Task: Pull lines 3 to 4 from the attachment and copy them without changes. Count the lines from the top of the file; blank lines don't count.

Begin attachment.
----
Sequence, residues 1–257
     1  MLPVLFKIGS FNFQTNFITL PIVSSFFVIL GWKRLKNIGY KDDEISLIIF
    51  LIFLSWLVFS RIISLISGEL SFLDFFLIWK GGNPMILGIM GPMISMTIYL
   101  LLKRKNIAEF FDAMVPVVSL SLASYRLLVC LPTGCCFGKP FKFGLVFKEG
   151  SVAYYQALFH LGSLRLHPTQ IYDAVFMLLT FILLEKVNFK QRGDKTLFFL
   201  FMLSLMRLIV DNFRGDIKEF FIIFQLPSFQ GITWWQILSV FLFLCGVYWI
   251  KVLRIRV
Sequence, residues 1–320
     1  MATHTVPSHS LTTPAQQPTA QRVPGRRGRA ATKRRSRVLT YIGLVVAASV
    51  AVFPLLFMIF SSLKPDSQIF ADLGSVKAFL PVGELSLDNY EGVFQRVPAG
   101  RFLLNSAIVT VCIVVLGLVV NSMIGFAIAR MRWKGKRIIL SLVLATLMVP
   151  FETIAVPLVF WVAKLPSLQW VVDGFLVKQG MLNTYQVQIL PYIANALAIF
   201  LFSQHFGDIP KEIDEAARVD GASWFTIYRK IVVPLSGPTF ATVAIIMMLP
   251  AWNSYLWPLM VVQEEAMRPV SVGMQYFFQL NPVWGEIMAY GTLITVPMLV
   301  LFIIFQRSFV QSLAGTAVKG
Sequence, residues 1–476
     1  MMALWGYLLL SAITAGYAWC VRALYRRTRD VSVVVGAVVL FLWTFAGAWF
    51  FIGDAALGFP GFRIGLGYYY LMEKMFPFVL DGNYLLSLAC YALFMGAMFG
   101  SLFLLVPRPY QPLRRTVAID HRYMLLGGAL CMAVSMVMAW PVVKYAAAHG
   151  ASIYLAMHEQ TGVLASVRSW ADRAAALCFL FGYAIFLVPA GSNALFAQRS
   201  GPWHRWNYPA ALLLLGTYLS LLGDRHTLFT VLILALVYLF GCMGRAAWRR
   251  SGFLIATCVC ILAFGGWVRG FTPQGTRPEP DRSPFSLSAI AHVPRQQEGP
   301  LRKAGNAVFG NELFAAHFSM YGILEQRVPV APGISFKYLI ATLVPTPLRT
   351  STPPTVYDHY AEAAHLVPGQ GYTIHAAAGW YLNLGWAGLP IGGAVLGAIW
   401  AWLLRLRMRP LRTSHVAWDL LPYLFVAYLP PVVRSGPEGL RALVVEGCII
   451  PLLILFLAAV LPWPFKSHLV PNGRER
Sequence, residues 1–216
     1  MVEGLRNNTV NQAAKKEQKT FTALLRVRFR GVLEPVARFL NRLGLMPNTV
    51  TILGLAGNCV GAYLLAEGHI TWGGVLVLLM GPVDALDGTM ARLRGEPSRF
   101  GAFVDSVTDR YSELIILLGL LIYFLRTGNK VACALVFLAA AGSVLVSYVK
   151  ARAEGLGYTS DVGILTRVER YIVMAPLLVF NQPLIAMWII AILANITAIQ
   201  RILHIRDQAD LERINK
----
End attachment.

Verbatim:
    51  LIFLSWLVFS RIISLISGEL SFLDFFLIWK GGNPMILGIM GPMISMTIYL
   101  LLKRKNIAEF FDAMVPVVSL SLASYRLLVC LPTGCCFGKP FKFGLVFKEG